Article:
As usual, Lapid honed his message and became the first to fire on this battle’s political front, targeting both the prime minister and the defense minister. He opened a Facebook post on Wednesday by saying, “Netanyahu, Bogie [Ya’alon], [Naftali] Bennett, [Ayelet] Shaked, [Yoav] Galant and [Moshe] Kahlon, will you really vote against soldiers serving in the IDF? Will you really repeal the 'Sharing the Burden' Law for cynical political reasons?” Ever since the last March 17 elections, Lapid has been trying to get closer to the ultra-Orthodox as part of his strategy to win the prime minister’s office. That is why he is focusing his campaign on Netanyahu, Ya’alon and Finance Minister Kahlon, and not on the ultra-Orthodox parties, as he did in the previous government.
Yesh Atid is the party most identified with the issue of “Sharing the Burden.” Lapid knows how to turn this slogan into successful campaigns, the greatest of which won him an impressive 19 Knesset seats in the 2013 elections. On the other hand, he also came to realize that this agenda turned him into the nemesis of the ultra-Orthodox parties, and that it could not get him much further ahead, beyond his election achievement. In the last election, his party dropped to just 11 seats. Now Lapid is trying to repent for the sin of using force against the ultra-Orthodox. He is trying to get closer to them for practical political reasons, but it is doubtful that he will succeed.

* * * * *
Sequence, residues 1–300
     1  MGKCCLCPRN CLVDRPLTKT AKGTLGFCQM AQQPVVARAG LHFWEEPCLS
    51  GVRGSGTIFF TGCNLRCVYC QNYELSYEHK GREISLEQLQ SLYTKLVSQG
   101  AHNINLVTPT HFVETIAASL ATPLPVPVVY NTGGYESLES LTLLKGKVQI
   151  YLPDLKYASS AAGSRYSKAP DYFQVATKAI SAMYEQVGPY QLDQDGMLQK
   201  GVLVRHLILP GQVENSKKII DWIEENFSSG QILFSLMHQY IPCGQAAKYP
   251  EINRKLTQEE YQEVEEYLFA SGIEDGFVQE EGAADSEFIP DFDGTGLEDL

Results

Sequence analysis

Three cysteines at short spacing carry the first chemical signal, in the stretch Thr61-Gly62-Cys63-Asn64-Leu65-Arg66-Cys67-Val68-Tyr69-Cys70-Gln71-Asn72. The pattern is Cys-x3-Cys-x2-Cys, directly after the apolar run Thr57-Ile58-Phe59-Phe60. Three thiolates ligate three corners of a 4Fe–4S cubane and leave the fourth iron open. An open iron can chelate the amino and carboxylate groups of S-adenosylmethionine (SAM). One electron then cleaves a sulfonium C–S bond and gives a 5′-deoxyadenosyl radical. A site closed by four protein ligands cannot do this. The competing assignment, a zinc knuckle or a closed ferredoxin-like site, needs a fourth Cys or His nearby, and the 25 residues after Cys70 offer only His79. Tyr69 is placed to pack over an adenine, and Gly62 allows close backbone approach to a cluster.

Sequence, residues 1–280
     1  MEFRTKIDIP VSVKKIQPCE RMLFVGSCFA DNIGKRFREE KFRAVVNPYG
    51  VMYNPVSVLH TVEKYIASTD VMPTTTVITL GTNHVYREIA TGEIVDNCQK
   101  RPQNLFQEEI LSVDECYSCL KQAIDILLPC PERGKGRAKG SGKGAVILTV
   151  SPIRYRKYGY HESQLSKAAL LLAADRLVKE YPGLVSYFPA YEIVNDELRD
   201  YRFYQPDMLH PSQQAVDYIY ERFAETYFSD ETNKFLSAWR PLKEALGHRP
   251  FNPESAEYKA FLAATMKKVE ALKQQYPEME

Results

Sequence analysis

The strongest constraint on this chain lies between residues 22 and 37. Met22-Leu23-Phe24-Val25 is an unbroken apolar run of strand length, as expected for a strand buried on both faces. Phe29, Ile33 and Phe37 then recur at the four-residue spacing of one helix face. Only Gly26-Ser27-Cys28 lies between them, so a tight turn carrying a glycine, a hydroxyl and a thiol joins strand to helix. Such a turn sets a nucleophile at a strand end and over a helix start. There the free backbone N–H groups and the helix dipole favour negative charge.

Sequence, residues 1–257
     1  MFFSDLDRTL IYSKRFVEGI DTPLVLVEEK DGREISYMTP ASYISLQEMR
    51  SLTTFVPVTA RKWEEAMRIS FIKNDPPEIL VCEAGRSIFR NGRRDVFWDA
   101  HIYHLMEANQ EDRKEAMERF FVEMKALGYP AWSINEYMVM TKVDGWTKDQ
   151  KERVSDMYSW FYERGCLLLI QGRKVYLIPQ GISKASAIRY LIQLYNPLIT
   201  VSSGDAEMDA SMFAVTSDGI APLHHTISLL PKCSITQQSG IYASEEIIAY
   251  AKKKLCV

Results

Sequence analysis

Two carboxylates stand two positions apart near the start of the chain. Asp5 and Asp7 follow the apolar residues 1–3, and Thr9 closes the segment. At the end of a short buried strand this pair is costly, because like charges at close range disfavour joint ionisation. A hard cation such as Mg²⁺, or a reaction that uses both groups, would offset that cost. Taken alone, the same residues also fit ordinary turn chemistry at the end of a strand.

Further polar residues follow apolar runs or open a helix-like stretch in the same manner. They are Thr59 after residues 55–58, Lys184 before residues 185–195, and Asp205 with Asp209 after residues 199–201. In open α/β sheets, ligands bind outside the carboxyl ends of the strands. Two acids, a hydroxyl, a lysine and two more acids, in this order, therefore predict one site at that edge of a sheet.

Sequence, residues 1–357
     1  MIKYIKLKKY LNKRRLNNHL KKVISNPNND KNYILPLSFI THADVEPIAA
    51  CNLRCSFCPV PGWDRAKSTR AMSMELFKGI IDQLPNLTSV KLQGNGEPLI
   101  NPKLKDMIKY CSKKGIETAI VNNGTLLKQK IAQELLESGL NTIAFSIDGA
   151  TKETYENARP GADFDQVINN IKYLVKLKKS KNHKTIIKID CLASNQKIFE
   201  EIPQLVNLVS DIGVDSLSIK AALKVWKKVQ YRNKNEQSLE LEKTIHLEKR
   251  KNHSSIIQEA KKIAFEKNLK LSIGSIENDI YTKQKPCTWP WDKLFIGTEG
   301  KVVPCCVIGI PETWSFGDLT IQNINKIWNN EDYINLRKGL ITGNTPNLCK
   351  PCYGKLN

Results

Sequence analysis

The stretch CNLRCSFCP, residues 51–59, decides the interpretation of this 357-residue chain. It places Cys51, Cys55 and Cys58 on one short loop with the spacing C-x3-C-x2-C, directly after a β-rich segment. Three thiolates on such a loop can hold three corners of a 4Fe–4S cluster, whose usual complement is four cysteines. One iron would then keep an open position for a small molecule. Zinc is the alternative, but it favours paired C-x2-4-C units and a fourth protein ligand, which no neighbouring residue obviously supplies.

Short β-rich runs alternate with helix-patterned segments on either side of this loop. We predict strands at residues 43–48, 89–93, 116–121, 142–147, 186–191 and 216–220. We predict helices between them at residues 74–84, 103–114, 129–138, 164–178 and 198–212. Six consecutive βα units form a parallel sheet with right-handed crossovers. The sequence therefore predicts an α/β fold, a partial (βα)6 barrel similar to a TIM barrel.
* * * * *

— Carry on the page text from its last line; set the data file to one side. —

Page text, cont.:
The day that the “Sharing the Burden” Law was passed by the last Knesset, on March 12, 2014, was a black day for the ultra-Orthodox, primarily because Yesh Atid was able to pass criminal sanctions against rabbinical college students who avoided military service. Yesh Atid took great pride in that enormous achievement, claiming that it would benefit Israeli society and the country’s economy. In a more condescending tone, they also said that it would help lift the ultra-Orthodox out of the circle of poverty. At the time, Lapid made another big mistake. He spoke openly about his huge victory over the ultra-Orthodox politicians, then sitting in the opposition because Yesh Atid and HaBayit HaYehudi prevented them from joining the government.